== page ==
Last month, RadioLab, a production of WNYC Studios, aired a podcast titled “Poop Train,” a story about the journey of where human biosolids go when New York City flushes. “You may not give a second thought (or backward glance) to what the toilet whisks away after you do your business,” starts the podcast. “But we got wondering — where would we wind up if we thought of flushing as the start, and not the end, of a journey? In this short, we head out to trace the trail of sludge…from Manhattan, to wherever poop leads us.”
Until the late 1980s, New York City’s biosolids ended up in the Hudson River or the Atlantic Ocean. In 1988, the U.S. Environmental Protection Agency banned ocean dumping of biosolids, leaving New York City with the dilemma of finding a management alternative. The RadioLab podcast tells the story of how Enviro-Gro Technologies, a contractor for New York City, was seeking acreage in multiple states for land application of the City’s biosolids. The material would be hauled by train, and then off-loaded for application on farmland. Mike Scharp, at the time with Enviro-Gro, is on the podcast and lists the numerous states that wanted nothing to do with New York City’s poop. Eventually, Envro-Gro found a home in Colorado, and established a successful land application program in 1991-1992.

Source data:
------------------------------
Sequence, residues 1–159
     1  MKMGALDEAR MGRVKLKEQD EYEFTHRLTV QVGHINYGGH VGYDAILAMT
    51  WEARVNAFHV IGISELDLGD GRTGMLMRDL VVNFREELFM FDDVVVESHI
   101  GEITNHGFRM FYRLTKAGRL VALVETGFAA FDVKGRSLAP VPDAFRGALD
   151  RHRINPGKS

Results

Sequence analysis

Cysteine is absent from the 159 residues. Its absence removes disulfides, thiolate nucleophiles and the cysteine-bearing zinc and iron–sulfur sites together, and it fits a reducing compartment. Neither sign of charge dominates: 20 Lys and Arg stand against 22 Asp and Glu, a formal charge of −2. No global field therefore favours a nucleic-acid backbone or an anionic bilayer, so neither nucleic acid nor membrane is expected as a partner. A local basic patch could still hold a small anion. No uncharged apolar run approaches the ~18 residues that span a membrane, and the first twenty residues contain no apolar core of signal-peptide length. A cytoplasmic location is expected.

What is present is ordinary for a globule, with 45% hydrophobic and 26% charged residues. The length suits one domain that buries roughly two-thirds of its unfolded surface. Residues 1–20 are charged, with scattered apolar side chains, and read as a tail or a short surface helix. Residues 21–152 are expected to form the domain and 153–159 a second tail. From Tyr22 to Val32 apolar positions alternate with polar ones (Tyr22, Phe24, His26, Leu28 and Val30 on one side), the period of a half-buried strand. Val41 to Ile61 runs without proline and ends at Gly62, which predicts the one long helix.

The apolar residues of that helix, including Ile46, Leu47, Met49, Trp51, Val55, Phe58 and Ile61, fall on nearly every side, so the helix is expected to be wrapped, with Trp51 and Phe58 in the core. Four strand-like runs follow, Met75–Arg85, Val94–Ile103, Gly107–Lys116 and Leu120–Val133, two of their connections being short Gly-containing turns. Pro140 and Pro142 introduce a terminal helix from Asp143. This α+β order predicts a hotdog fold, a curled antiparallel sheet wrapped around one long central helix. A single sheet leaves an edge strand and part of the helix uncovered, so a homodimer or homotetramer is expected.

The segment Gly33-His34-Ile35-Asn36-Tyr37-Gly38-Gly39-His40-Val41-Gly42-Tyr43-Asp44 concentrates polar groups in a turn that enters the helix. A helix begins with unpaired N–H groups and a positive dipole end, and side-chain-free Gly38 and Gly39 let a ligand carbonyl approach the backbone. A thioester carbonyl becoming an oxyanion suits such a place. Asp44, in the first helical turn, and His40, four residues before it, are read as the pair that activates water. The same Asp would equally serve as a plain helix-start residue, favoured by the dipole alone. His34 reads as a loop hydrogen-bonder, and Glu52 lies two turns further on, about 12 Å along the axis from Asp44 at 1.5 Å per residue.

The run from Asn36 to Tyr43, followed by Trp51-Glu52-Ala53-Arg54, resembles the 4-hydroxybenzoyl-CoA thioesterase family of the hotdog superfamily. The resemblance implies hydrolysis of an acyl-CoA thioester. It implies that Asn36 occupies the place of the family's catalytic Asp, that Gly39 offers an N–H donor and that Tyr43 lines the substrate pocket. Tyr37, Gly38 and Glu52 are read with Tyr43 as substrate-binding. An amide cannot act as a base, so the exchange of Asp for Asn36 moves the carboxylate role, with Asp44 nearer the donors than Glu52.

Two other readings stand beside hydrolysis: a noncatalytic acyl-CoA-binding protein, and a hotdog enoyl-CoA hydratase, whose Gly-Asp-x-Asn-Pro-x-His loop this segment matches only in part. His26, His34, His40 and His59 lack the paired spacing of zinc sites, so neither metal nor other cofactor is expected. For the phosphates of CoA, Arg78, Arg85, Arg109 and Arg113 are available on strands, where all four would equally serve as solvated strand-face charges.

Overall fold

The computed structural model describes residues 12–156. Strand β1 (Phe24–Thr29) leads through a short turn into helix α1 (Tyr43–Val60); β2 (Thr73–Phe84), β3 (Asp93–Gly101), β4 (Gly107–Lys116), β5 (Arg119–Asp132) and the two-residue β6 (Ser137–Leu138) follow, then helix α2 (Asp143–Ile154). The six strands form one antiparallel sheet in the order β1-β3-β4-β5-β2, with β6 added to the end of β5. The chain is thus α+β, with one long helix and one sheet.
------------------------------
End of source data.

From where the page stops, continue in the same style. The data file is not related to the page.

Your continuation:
Kelly Sarber, who was part of the Enviro-Gro team in Colorado, wrote an article in BioCycle in April 1994 — “How To Strategize for Successful Project Development” — describing the public outreach and educational campaign that included advocacy building, media outreach, political strategies at the state and local level, and other activities necessary for public acceptance of the biosolids program. “When Governor Romer of Colorado came out to throw a shovel full of New York City biosolids on a field, it was apparent that the initial siting of the project had been successful,” wrote Sarber.
The podcast describes how the performance of the biosolids as a crop fertilizer (and as a prairie dog deterrent) helped grow and support the program in Colorado. It lasted 20 years to the day, recalls Scharp. “The first load showed up [in Lamar, Colorado] on Earth Day, 1992. And our last load showed up April 22, 2012.” New York City ended the contract primarily due to the program costs. And today? About half goes into the landfill and about half is used for mineland reclamation.